Dorm Proximity to Cafeteria May Matter in 'Freshman 15'

"This definitely would correlate with what we have known in the fitness industry," he said. "Something like 80 percent of the people who go to a fitness facility live within a fairly short radius of that center. So that part of the study makes a lot of sense for me."

Ayoob said the research suggests that students living on campus near a cafeteria may do well to be wary of paying too many visits to the dining hall tables.

"This sort of underscores that people tend to do what's easiest -- they eat more if that's easiest, but they also exercise more if that's what's easiest," Ayoob said. "That's probably just human nature."

Dining Halls May Be for Socializing as Well

One aspect that may help explain the weight gain in female students living closer to cafeterias could be the social aspect of eating.

Scharf, for one, said grabbing a bite and sharing conversation already go hand-in-hand for her social group.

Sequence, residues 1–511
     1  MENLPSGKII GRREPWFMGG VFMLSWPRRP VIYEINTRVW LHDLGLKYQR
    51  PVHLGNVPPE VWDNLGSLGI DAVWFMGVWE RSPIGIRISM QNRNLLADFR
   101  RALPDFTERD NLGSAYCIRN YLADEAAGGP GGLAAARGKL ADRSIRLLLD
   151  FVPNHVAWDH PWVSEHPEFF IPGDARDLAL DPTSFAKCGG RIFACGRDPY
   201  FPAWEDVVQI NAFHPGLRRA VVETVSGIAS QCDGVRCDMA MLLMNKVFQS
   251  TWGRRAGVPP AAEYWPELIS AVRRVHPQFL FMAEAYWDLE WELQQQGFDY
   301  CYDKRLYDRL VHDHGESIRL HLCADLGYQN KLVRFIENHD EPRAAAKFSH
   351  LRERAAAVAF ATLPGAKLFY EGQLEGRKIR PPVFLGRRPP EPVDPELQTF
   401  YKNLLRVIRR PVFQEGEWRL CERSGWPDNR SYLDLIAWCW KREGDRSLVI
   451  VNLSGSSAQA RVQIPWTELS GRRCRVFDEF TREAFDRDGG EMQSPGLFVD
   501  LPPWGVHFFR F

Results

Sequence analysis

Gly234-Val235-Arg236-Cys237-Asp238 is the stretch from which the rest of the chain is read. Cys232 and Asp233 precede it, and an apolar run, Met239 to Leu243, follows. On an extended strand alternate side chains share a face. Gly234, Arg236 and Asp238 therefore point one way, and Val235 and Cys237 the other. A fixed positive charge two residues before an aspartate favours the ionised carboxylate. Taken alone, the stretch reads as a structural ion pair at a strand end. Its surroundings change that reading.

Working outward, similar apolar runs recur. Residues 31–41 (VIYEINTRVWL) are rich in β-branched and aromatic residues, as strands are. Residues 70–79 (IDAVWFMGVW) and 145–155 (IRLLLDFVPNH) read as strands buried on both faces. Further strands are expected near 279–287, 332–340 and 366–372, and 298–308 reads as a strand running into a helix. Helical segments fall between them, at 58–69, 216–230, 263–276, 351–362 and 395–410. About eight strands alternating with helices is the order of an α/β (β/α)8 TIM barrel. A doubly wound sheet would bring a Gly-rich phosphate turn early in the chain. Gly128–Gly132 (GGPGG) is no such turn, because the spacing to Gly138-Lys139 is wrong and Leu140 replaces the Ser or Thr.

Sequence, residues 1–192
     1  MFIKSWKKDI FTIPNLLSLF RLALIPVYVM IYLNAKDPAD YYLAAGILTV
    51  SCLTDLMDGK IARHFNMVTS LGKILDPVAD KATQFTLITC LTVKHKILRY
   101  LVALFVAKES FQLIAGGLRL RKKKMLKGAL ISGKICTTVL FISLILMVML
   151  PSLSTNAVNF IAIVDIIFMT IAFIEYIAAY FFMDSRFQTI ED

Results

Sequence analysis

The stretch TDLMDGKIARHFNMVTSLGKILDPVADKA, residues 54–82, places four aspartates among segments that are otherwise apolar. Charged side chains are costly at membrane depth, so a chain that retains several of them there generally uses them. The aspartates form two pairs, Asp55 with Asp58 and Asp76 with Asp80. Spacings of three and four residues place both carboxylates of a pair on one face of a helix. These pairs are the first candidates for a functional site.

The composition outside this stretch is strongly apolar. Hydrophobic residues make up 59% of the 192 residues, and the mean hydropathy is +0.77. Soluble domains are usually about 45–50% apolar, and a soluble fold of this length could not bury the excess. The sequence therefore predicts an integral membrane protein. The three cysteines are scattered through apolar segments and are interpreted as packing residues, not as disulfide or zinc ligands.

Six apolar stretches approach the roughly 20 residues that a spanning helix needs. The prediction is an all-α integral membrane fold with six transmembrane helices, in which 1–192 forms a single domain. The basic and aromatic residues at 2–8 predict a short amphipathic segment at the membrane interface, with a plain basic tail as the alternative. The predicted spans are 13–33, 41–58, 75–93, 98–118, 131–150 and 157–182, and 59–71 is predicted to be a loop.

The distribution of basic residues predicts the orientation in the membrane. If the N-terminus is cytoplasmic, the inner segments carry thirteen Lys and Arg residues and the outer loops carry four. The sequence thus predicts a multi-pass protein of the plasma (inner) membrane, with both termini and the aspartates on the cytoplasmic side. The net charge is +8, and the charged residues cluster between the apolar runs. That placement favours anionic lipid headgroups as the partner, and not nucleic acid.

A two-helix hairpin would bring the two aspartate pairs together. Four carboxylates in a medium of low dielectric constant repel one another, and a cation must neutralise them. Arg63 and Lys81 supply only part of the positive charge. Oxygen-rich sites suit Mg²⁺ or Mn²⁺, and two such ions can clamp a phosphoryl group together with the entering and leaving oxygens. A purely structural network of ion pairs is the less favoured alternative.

"I've noticed myself that if my friends and I are hanging out, we will eat," Scharf said. "That's one way to keep your hands busy."

Scharf added that the location of her dorm puts her a three- to five-minute walk away from the cafeteria, while the gym is a five- to eight-minute walk away -- which means that meeting friends at the gym rather than the cafeteria may require a little extra effort.

This pattern may also help to explain the gender gap seen in the study, Westcott said.

"I think perhaps that women are a little more socially oriented at college, and one social thing they engage in might be, 'Let's go get a snack,'" Westcott said. "Men may not tend to do that as much."

Avoiding the 'Freshman 15' May Be Lesson in 'Moderation 101'

Regardless of the reasons, health experts said, being aware of the impact of on-campus dining on weight is half the battle when it comes to staving off the freshman 15.

"Freshmen need to make [eating on campus] a quality-oriented experience rather than a quantity-oriented experience," Westcott said.

Remaining aware of weight on a regular basis, Ayoob said, may also help students stay within their healthy range.

"Fifteen pounds in five months is a lot of weight to gain," he said. "It might not be a bad idea for freshmen to check their weight every couple of weeks.

"You can avoid the freshman 15 if you don't let it get past the freshman five without taking action."

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